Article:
Fruit, vegetables, and exercise may be the keys to a happy life

CANTERBURY, United Kingdom — The key to a happy life may come down to what’s in your diet. A new study finds eating more fruit and vegetables each day (and exercising regularly) can lead to more happiness.

In a first of its kind study, researchers from the Universities of Kent and Reading demonstrated that these lifestyle changes make people happier in comparison to individuals who are already eating lots of healthy produce or those keeping their same old diet.

Dr. Adelina Gschwandtner at the University of Kent’s School of Economics, Dr. Sarah Jewell, and Professor Uma Kambhampati from the University of Reading’s School of Economics used an “instrumental variable approach” to filter out any effect from happiness to lifestyle. This showed that consuming fruit and veggies and exercising positively impacts levels of happiness — not the other way around.

Good things come to those who wait

The research, published in the Journal of Happiness Studies, discovered that our ability to delay gratification and apply self-control plays a huge part in influencing our lifestyle decisions. In turn, this has a positive impact on our well-being. Scientists also confirmed that men appear to exercise more, while women are more likely to eat more fruit and vegetables.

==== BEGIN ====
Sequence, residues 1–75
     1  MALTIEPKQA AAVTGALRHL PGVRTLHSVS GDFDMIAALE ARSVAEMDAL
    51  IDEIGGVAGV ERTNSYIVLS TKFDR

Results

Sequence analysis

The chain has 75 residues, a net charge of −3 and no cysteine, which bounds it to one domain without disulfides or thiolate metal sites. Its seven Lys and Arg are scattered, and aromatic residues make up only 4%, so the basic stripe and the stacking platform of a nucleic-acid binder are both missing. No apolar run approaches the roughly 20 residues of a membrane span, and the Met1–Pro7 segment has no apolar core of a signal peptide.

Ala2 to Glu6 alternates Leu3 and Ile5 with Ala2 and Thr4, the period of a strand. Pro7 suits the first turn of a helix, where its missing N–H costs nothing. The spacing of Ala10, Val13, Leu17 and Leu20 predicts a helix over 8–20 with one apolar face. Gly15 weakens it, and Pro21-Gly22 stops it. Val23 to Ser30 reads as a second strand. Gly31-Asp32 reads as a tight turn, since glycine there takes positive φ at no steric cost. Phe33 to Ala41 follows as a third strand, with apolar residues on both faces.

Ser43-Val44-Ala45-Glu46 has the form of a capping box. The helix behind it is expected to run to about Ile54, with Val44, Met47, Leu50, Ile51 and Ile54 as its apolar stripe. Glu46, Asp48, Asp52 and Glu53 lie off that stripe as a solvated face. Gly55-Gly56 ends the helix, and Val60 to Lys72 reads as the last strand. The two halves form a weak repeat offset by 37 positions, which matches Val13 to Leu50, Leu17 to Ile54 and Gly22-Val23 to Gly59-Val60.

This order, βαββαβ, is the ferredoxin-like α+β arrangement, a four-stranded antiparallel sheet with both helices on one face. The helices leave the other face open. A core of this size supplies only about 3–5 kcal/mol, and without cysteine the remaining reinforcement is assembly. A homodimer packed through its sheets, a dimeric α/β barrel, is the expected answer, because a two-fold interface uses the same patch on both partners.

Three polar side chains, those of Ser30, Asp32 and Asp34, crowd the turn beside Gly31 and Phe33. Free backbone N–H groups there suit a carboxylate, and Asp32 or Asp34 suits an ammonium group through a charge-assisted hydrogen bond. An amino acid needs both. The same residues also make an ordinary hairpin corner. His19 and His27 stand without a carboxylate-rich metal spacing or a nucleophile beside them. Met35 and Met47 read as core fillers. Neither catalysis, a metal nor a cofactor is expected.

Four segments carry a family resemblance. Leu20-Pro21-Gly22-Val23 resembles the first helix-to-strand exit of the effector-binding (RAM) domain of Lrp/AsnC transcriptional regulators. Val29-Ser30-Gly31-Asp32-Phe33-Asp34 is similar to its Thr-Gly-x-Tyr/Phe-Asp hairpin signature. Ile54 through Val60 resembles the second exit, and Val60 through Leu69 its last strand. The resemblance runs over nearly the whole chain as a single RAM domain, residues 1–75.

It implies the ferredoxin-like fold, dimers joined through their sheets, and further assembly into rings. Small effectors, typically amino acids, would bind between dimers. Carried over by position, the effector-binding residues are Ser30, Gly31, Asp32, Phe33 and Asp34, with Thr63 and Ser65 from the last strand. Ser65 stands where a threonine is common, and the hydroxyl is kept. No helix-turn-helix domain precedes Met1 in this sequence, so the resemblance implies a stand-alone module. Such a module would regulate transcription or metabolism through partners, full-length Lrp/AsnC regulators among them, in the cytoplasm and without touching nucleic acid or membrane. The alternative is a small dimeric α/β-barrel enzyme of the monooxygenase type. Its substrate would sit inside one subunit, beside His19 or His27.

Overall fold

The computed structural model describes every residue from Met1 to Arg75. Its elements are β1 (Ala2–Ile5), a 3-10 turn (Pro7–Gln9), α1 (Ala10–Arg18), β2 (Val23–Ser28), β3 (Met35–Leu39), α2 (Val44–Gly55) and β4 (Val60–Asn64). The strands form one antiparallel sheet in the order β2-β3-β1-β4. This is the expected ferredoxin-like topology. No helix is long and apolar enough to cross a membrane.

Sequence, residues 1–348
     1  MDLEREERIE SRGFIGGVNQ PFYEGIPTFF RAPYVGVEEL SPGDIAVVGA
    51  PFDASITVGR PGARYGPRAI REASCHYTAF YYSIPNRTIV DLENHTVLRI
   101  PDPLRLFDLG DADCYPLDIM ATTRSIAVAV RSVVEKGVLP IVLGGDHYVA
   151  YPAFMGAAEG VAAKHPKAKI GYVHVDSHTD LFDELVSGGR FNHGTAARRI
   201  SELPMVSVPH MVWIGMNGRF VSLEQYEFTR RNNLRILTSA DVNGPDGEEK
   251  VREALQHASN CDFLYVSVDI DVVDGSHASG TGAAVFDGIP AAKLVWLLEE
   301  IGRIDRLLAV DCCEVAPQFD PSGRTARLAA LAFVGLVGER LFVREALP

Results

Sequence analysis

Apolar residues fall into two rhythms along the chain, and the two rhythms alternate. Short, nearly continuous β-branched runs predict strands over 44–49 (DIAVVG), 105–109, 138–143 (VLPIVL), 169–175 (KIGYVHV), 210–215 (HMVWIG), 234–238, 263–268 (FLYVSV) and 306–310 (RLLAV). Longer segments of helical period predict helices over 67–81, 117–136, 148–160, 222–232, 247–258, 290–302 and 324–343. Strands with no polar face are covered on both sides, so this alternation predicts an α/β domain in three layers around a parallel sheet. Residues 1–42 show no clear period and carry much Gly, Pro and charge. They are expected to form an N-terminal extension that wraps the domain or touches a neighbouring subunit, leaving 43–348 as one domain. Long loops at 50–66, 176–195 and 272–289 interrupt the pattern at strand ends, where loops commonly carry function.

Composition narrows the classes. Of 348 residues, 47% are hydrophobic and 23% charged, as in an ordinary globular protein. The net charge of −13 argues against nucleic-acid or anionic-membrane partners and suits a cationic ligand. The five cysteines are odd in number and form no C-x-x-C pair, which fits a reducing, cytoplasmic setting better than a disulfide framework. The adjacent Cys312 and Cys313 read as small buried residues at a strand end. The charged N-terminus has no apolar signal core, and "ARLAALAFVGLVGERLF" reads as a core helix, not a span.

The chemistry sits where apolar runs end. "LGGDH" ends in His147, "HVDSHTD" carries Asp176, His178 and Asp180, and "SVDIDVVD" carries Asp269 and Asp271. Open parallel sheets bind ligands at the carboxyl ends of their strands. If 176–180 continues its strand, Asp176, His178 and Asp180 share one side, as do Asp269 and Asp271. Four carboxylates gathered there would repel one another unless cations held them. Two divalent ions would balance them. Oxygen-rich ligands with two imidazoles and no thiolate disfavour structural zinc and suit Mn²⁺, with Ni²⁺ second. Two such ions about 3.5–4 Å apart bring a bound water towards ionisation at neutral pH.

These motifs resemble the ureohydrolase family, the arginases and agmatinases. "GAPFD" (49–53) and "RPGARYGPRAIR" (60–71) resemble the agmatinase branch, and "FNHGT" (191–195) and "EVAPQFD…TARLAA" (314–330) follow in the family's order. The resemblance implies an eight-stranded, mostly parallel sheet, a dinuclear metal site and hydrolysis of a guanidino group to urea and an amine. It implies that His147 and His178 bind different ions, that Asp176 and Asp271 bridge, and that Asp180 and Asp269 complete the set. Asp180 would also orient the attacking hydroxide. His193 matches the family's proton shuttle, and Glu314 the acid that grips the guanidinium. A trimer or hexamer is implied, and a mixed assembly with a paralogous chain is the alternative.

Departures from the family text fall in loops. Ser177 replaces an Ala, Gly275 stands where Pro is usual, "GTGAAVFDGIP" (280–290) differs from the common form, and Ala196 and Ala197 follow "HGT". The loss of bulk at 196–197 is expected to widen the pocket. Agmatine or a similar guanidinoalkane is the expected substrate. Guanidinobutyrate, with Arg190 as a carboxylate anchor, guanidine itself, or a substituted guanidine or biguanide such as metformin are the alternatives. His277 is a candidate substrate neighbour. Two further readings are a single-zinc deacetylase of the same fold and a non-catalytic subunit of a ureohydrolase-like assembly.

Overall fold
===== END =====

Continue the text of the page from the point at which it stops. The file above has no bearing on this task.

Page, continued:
“There has been a bigger shift in recent years for healthier lifestyle choices. To establish that eating more fruit and vegetables and exercising can increase happiness as well as offer health benefits is a major development. This may also prove useful for policy campaigns around environment and sustainability,” Prof. Kambhampati says in a university release.

Since lifestyle-related illnesses are the main cause of poor health worldwide, these findings could have significant implications for public health policy. In the United States, more than two in five adults classify as obese; a condition putting many at higher risk for heart disease, diabetes, and cancer.

“Behavioral nudges that help the planning self to reinforce long-term objectives are likely to be especially helpful in maintaining a healthy lifestyle. If a better lifestyle not only makes us healthier but also happier, then it is a clear win-win situation,” Dr. Gschwandtner concludes.

South West News Service writer Georgia Lambert contributed to this report.

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